'Everything is on the table' after Severino shaky again

Yankees righty's ERA jumps to 7.74 after allowing five runs to Astros

August 5th, 2023

NEW YORK -- Confidence has hardly been an issue over the years for Luis Severino, a two-time All-Star who has fearlessly relished showdowns against the game’s best hitters. Yet it’s been more difficult to come by of late.

Severino’s last rocky start prompted the right-hander to describe himself as “the worst pitcher in the world right now,” and that opinion likely hadn’t changed much as he walked off the mound to a chorus of boos on Friday, with the Yankees down early in their 7-3 loss to the Astros at Yankee Stadium.

“I’m getting better confidence in my pitches,” Severino said. “This is a really tough lineup. I’ve got to keep working. I’ve got to keep trying to find ways to get hitters out.”

Yainer Diaz hit a three-run homer in the first inning off Severino, who has struggled mightily in the opening frame this season. The trouble started immediately, as Jose Altuve lashed Severino’s first pitch into the left-field corner for a double.

Severino has allowed 20 first-inning runs (with six home runs) through 13 starts, a 13.85 ERA that ranks highest among all pitchers this season with 10 or more starts.

“It’s like, ‘What am I doing?’” Severino said. “I start looking for different stuff. Is it mechanics? Is it tipping? This is a really good lineup, and if you make a mistake, you’re going to pay for it.”

Severino also surrendered a blast from Yordan Alvarez, permitting five runs over four-plus innings. Severino’s season ERA is 7.74, and the obvious question is how much longer the Yankees can continue to offer him starts as they look to gain ground in the postseason chase, dipping to 3 1/2 games out of the third American League Wild Card.

Since July 1, when Severino was thumped for nine runs by the Cardinals in St. Louis, he has pitched to a 11.22 ERA in six starts. The bullpen could be an option: Severino has pitched in 15 career games as a reliever, 11 of which came in 2016, his second year in the Majors.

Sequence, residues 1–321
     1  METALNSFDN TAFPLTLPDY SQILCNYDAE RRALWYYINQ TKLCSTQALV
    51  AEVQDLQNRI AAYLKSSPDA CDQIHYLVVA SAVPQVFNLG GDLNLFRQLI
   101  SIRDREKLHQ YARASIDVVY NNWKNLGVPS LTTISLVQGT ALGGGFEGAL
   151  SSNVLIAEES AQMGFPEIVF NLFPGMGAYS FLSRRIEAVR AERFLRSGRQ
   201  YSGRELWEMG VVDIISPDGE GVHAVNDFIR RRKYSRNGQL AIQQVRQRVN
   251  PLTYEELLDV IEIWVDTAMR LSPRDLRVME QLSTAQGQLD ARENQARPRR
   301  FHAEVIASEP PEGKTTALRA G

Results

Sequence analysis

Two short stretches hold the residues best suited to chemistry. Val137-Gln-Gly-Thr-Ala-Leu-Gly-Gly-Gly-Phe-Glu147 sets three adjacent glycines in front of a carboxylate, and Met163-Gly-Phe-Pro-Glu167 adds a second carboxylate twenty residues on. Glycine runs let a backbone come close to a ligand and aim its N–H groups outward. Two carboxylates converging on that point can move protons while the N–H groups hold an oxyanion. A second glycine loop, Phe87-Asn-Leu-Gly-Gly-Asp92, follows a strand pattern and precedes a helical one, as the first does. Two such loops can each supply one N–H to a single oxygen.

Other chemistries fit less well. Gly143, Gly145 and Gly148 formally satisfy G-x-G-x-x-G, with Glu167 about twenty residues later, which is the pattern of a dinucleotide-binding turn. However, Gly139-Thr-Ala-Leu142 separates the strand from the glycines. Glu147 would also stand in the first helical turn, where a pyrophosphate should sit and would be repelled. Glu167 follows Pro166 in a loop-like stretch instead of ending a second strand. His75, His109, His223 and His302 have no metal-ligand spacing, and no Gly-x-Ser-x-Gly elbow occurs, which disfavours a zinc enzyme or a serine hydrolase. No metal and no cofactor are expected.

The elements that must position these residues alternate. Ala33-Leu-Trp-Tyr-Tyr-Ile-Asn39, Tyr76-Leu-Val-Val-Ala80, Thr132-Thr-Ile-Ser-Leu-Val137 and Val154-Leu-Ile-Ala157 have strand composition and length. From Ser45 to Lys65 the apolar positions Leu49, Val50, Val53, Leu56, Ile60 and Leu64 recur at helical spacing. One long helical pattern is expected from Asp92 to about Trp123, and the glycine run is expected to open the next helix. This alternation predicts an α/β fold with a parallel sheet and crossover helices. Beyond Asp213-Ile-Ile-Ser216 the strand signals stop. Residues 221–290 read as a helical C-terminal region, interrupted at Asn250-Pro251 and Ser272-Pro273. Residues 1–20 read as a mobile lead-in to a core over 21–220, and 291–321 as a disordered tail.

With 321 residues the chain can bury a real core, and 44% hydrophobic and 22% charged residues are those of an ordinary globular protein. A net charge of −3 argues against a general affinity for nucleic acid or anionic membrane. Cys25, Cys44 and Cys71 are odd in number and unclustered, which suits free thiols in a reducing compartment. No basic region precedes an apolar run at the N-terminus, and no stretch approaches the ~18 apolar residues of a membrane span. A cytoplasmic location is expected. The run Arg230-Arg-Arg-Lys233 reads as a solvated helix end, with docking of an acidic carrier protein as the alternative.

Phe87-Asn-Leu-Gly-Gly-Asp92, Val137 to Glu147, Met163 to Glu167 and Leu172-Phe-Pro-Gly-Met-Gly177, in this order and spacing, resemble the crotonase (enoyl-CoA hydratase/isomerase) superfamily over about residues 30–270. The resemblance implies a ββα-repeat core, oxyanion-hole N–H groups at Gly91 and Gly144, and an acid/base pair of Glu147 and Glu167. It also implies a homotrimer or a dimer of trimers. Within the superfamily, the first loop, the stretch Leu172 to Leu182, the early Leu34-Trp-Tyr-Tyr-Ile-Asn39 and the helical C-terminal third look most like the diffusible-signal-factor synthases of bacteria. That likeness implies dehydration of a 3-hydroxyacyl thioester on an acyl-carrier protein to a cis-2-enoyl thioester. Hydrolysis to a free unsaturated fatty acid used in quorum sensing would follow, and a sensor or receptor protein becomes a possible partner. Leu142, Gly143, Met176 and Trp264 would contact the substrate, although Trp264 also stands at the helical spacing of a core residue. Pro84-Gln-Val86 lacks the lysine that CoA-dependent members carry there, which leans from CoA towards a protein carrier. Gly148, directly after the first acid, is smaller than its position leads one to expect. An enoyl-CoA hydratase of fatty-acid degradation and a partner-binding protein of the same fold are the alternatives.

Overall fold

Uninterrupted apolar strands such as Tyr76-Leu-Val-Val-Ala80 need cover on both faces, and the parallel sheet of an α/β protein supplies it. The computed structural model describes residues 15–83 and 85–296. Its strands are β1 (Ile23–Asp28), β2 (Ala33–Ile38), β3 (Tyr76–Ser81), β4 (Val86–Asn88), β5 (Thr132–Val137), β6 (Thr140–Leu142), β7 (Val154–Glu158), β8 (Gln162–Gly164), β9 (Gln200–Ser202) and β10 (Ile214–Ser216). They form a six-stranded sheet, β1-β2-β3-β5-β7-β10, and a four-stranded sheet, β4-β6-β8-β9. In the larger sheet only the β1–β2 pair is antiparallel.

“Everything is on the table moving forward,” Yankees manager Aaron Boone said. “We’ll talk through it. The biggest thing is, whatever we do, it’s trying to continue to get him to find that consistency.”

Asked about his willingness to go to the bullpen, Severino said: “As of right now, I’m a starting pitcher. I love having a day for me. But at the end of the day, I’m with the team. Whatever they need me to do.”

It is not as though the Yankees have an abundance of choices; their most likely options to replace Severino in the rotation would be rookies Jhony Brito or Randy Vásquez.

The Yankees' starting pitching depth diminished this week when Domingo Germán left the club to seek treatment for alcohol abuse; if not for that incident, Severino might not have drawn Friday’s start, something Boone seemed to hint at by saying, “This time, we got jammed up a little bit.”

Gerrit Cole is the front-runner for the American League’s Cy Young Award and Clarke Schmidt has been reliable, but Carlos Rodón has been shaky through five starts and Nestor Cortes is being hurried back from the injured list on Saturday, when he is expected to throw about 60 pitches.

Yet their biggest mystery is Severino, who was 7-3 with a 3.18 ERA in 19 starts last season and spoke optimistically this spring about improving those numbers in a contract year.

“I think it’s execution and being in the center of the plate and being in hot zones too much,” Boone said. “I don’t care how good you are. At this level, they’re going to make you pay for that.”

The Yankees mustered two runs in six innings against Hunter Brown, marking the 41st time this season that an opposing starter has gone six or more innings while allowing two runs or fewer. That may have been different if not for a terrific catch by center fielder Jake Meyers in the first inning, robbing Billy McKinney of what could have been a two-run double.

“That was the big hit we needed,” Isiah Kiner-Falefa said. “Kudos to them over there. That was a great play. It definitely changed the game.”

Kiner-Falefa, Jake Bauers and Giancarlo Stanton homered in the loss for the Yankees, with Stanton going deep for the third consecutive game.

“That’s 10 homers in 21 games. Not a lot of guys roll that off,” Boone said. “I feel like, really, the last three or four weeks, he’s been pretty good. With Giancarlo, I always feel like there’s another level he can get to. We’ve seen it.”